With lyrics by Otis Redding and illustrations by Rachel Moss, this irresistible book shows a young girl, her brother, and her parents conjuring as many positive futures for each other as they can dream. Packed with playful vignettes as they imagine a life full of possibility, Respect provides families an opportunity to explore themes of mutual respect—while revisiting one of the greatest songs ever written.
These Boots Are Made for Walkin’ Summary: These Boots Are Made for Walkin’ is an adorable story of friendship and family set against the backdrop of Lee Hazlewood’s iconic song. While there have been numerous recordings over the past several decades, “These Boots Are Made for Walkin’” was originally recorded by Nancy Sinatra and released in early 1966 to instant success. A #1 Billboard hit in the US, UK, Canada, and Australia that was nominated for three GRAMMYs, Hazlewood’s song continues to be embraced to this day.
With lyrics by Lee Hazlewood and illustrations by Rachel Moss, this captivating picture book tells the story of a boy and his extremely attached and very jealous cat who must adapt to the introduction of a new family member—a puppy. The funny story line and delightful images are sure to have the entire family curled up and laughing together, pets included!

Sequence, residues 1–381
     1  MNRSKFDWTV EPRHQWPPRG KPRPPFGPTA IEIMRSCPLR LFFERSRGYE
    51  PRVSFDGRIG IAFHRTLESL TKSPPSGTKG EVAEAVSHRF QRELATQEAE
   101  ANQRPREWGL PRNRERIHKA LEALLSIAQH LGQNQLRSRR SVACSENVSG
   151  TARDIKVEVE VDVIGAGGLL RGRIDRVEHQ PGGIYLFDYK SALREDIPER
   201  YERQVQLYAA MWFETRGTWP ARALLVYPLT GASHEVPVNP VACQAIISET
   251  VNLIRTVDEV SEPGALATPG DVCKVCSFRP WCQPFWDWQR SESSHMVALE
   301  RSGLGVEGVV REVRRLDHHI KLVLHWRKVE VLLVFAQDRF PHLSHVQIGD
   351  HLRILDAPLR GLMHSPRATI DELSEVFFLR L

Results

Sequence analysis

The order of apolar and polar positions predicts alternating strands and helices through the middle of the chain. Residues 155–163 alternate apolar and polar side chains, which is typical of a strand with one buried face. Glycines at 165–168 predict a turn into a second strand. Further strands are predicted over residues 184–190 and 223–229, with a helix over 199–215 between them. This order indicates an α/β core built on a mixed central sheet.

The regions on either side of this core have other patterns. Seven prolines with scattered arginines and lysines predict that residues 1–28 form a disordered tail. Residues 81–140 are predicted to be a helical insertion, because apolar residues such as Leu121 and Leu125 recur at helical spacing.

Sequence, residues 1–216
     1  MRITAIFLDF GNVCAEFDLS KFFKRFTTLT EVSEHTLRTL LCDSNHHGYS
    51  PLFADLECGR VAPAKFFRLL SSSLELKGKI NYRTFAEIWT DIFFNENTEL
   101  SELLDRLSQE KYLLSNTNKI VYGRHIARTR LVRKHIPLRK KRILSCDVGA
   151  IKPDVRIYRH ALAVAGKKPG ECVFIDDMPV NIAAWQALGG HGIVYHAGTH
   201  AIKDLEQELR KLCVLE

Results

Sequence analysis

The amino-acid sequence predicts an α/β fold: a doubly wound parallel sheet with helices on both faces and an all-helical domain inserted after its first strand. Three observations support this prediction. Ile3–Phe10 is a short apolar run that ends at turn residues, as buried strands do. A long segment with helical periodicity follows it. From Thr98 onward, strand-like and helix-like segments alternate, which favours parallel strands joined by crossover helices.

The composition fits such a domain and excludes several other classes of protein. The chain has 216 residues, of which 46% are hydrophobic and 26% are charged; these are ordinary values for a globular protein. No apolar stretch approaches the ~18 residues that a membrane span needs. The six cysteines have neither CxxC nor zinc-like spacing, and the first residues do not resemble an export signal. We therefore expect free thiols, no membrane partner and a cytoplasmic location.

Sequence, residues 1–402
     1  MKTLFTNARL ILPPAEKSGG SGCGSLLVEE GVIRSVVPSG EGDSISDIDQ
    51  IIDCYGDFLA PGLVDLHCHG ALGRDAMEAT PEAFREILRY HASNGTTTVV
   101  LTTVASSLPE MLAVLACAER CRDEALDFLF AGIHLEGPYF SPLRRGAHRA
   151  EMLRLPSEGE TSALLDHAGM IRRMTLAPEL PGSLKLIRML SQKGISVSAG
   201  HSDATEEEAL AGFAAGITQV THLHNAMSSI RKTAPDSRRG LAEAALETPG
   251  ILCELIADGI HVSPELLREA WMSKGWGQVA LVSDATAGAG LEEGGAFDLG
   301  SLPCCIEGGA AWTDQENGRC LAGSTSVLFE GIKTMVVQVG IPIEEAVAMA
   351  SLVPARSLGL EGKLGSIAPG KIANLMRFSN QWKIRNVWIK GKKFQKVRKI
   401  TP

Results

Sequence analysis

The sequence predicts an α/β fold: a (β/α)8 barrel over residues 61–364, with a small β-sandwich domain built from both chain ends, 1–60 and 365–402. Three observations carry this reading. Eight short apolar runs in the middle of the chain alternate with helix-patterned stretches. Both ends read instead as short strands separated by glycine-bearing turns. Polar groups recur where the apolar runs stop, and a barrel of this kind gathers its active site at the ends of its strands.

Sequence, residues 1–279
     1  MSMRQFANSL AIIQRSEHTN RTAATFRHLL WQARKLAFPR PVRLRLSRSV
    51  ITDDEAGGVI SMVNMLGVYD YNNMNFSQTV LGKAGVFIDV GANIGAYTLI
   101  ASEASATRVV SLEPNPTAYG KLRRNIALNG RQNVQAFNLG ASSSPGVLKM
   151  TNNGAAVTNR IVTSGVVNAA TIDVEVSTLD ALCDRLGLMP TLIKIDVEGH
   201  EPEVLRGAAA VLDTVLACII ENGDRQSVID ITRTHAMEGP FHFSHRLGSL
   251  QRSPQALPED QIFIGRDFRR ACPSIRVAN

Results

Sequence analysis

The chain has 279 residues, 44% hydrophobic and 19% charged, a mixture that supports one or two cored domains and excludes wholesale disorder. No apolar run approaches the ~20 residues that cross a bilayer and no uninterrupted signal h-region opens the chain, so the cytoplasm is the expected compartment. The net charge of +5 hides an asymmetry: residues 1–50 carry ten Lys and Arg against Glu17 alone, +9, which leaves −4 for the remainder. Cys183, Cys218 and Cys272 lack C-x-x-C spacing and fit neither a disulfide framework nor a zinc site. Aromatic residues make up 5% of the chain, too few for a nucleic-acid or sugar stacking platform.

Move the Crowd Summary: Innovative illustrator Kirk Parrish brings the iconic song “Move the Crowd” to life for the first time as a children’s picture book. The lyrics to Eric B. and Rakim’s hit song provide the inspiration for this instant classic.
Follow along as Parrish pairs the lyrics with colorful illustrations about a boy being absorbed into his stereo and dropped into a colorless world where the music is dull and the people uninspired. The ensuing transformation he brings to the crowd with his music is one that the whole family can enjoy together.
We Got the Beat Summary: We Got the Beat is a children’s picture book based on the hit song by the 1980s new wave group the Go-Go’s. Consisting of five members, the all-female band rocked the nation with their charisma and musical genius. Their hit song “We Got the Beat” spent three weeks at #2 on the Billboard 100 and became their signature song. Says the New York Times: the Go-Go’s “taught a new generation the power of the girl gang.”